Continuous passive motion

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A continuous passive motion machine for knee joint recovery

Continuous passive motion (CPM) devices are used during the first phase of rehabilitation following a soft tissue surgical procedure or trauma. The goals of phase 1 rehabilitation are: control post-operative pain, reduce inflammation, provide passive motion in a specific plane of movement, and protect the healing repair or tissue. CPM is carried out by a CPM device, which constantly moves the joint through a controlled range of motion; the exact range is dependent upon the joint, but in most cases the range of motion is increased over time.

CPM is used following various types of reconstructive joint surgery such as knee replacement and ACL reconstruction. Its mechanisms of action for aiding joint recovery are dependent upon what surgery is performed. One mechanism is the movement of synovial fluid to allow for better diffusion of nutrients into damaged cartilage (which would be unimportant in the event of joint replacement), and diffusion of other materials out; such as blood and metabolic waste products. Another mechanism is the prevention of fibrous scar tissue formation in the joint, which tends to decrease the range of motion for a joint. The concept was created by Robert B. Salter M.D in 1970 and, along with help from engineer John Saringer, a device was created in 1978.[1][2]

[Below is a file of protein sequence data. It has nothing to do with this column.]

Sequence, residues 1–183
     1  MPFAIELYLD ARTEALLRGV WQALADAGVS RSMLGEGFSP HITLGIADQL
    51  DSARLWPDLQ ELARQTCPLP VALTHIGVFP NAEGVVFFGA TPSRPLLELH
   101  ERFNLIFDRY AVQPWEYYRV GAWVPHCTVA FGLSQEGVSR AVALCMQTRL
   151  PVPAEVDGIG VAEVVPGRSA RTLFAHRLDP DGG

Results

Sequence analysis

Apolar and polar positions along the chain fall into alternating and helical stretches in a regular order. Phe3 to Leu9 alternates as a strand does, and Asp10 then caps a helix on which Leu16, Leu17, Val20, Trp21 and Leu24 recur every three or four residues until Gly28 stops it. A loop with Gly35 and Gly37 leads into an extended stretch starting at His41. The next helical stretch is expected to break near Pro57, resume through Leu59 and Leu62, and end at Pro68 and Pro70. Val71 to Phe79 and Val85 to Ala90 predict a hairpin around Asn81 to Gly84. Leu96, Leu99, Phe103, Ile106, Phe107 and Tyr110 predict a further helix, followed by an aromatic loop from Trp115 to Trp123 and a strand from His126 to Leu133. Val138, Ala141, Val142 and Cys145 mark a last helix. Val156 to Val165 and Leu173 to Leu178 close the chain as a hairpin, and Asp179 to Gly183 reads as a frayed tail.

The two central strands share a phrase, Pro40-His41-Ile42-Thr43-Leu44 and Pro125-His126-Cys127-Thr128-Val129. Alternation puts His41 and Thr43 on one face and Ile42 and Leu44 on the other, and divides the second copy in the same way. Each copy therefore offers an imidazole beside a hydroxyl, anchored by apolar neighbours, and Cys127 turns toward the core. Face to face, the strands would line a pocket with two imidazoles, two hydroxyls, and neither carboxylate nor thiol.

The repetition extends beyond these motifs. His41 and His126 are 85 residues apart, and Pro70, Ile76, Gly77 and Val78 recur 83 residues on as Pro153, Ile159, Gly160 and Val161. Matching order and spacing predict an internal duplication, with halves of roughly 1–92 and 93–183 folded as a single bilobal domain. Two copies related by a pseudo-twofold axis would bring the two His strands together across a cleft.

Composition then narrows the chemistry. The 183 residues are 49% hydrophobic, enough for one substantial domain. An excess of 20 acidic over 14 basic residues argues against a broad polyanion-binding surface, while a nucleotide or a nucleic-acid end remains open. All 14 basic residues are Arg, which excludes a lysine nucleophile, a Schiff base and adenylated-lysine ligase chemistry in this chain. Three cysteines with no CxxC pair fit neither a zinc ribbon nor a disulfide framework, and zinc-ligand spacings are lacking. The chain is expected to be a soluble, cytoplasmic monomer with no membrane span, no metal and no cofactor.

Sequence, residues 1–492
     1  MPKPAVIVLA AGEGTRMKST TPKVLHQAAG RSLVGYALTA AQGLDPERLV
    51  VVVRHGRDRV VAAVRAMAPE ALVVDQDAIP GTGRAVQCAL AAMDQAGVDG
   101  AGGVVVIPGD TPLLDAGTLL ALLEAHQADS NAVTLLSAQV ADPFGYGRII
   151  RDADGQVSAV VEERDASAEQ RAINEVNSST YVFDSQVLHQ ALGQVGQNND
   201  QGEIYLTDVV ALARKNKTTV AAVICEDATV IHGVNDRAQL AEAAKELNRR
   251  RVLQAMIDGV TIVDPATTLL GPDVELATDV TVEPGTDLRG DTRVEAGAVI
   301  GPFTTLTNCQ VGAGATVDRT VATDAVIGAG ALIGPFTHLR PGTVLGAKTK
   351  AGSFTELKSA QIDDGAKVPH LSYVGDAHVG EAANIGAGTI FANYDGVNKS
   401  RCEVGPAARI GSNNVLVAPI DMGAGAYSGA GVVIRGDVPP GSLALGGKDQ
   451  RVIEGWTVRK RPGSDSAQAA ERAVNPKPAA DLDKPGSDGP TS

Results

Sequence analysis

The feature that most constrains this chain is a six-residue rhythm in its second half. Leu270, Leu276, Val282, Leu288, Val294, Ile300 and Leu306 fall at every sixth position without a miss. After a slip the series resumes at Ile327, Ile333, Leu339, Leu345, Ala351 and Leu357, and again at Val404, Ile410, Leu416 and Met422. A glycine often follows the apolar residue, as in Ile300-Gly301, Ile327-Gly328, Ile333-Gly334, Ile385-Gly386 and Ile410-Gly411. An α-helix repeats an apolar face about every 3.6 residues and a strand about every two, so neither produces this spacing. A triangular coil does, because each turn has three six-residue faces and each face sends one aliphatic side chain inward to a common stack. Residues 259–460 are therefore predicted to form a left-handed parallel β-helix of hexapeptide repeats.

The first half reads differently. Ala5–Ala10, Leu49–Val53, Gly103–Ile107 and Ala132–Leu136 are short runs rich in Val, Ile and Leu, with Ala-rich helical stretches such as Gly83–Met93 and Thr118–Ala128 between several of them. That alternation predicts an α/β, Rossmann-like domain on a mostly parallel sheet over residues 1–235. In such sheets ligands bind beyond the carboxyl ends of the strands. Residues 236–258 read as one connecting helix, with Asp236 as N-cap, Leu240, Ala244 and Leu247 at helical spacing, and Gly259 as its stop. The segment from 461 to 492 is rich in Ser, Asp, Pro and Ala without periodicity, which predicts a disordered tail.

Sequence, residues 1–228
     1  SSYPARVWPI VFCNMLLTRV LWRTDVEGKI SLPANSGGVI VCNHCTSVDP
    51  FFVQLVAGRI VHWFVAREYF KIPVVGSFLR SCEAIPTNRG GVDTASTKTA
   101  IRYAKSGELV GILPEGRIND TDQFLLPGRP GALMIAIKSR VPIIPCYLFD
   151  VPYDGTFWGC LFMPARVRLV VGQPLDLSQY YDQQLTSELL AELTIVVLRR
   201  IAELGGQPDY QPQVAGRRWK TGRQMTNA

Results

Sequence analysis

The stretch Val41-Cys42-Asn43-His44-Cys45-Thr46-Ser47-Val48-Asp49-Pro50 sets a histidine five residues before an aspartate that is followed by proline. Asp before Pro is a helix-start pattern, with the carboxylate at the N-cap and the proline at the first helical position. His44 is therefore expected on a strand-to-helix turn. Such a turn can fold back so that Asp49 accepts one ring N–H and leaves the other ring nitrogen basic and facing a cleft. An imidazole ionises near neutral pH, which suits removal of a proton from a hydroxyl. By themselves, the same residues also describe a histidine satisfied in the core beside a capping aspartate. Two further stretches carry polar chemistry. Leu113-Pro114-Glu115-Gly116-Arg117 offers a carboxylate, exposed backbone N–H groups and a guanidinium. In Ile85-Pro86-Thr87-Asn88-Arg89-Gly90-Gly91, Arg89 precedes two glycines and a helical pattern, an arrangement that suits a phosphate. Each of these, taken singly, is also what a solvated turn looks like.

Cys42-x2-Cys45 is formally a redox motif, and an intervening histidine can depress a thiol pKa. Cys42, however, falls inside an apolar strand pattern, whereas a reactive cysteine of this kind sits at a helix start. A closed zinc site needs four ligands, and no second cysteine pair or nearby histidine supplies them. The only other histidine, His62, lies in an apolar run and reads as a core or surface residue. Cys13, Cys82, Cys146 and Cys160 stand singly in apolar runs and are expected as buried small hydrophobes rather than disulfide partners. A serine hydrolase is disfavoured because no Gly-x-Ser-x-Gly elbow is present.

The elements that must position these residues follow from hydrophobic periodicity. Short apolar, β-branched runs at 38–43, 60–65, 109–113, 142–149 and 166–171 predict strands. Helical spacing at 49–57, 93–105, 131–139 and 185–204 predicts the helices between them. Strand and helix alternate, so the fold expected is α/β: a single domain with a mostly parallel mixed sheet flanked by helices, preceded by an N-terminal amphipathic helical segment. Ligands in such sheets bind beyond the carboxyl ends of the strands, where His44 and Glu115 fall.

CPM Following Knee Arthroplasty[edit]

There is controversy concerning the effectiveness of CPM following Knee Arthroplasty. Some studies support it, while others show little or no effect when compared with placebo. One assessment of multiple studies indicates that CPM following knee arthroplasty gives a total benefit of 0.69 days less in the hospital and 4 more degrees of motion (only at 2 weeks of follow-up) than physical therapy alone. This assessment further suggested that consideration must also be given to patient convenience and CPM cost.[3]

References[edit]

  1. ^ Salter RB (May 1989). "The biologic concept of continuous passive motion of synovial joints. The first 18 years of basic research and its clinical application". Clin. Orthop. Relat. Res. (242): 12–25. PMID 2650945. 
  2. ^ Salter RB, Hamilton HW, Wedge JH, et al. (1984). "Clinical application of basic research on continuous passive motion for disorders and injuries of synovial joints: a preliminary report of a feasibility study". J. Orthop. Res. 1 (3): 325–42. doi:10.1002/jor.1100010313. PMID 6481515. 
  3. ^ Brosseau L, Milne S, Wells G, Tugwell P, Robinson V, Casimiro L, Pelland L, Noel MJ, Davis J, Drouin H. (2005) Continuous Passive Motion Improves Active Knee Flexion and Shortens Hospital Stay but Does Not Affect Other Functional Outcomes After Knee Arthroplasty. THE JOURNAL OF BONE & JOINT SURGERY. VOLUME 87-A. NUMBER 11

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